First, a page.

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02 Feb

The take-charge patient: How to ensure better care

I would speculate most of us know someone that was admitted to a hospital and had something go wrong.  In the mid 1970’s one of my classmate’s father entered the hospital for surgery.  He ended up catching a disease that not only killed him, but the family parrot. I hadn’t thought much about that memory until I came across the article “The surprising way to stay safe in the hospital” in the February 2015 issue of Consumer Reports.  It got me thinking, while it is the job of a hospital to give you the utmost care and consideration, do patients and their families need to be more assertive to ensure they get the best care?  

According to the article, “Almost 2,000 people on average pick up an infection in the hospital, and approximately 1,100 preventable drug errors occur.”  I went on to read that “hospital medical errors are linked to 440,000 deaths annually.” Here are a few tips from Consumer Reports to help you not become one of those statistics:

•    Choose the right hospital – If you’re in a non-emergency situation that allows time for you to choose your hospital, do your research! There’s endless information available via the web on hospitals in the US. For example, Consumer Reports offers hospital ratings on their website to help you pinpoint a good hospital in your area.
•    Have an advocate -- Sometimes a family member may ask the health provider questions you may not be thinking, which is particularly helpful as the whole hospital experience can be overwhelming.  
•    Be a pest -- If you don’t understand something ask again OR if you feel something isn’t right, point it out. I remember my doctor telling me, people who come to see her for the most minor things are usually the healthiest.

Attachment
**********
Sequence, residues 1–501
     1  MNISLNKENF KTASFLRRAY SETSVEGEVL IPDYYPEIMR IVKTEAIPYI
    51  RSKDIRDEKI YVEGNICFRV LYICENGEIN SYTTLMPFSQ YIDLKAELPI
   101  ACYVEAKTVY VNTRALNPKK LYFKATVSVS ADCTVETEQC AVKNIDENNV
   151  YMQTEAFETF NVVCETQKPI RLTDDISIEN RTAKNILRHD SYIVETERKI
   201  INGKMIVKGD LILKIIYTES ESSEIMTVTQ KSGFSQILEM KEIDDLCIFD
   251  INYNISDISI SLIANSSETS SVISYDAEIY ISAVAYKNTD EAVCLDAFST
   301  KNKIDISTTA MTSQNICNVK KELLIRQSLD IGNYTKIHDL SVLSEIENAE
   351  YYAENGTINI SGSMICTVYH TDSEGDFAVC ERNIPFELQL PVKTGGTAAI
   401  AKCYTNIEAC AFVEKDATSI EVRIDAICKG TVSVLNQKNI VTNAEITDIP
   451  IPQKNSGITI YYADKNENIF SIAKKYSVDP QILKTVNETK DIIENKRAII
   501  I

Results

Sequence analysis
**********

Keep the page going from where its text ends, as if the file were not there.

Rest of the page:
•    Help providers see you as a person – When you go to your General Practitioner for a check-up, you more than likely receive better care than you would at a random hospital because you have an ongoing relationship with your doctor and their staff. Since you do not have the luxury when being admitted into a hospital, you should remind the caretakers that you are more than a diagnosis. The article suggests telling the doctor/nurses to take a seat and showing them pictures of your family. “That takes you out of the roles of patient and doctor or patient and nurse into person and person,” says Eileen Ahearn, M.D., a psychiatrist at the William S. Middleton Memorial Veterans Hospital.
•    Write things down -- If you’re capable, have a pen and paper in hand to take notes. That will help minimize the flow of conflicting information. That’s good advice for doctor’s visits too. I've personally had a doctor tell me one thing during an initial visit, and another the next time I saw him a few weeks later.

The bottom line -- Patients need to take charge and be more assertive in various facets during their hospital stay or visit to any type of healthcare facility really. By taking the extra steps to do the suggestions listed above, a patient may better their chances of a speedy recovery and/or reduce their chances of being readmitted.  

 

Mickey Lovingood is a Business Development Coordinator on our Healthcare Business Development Team. She has more than 15 years’ experience in customer relations and sales.


 

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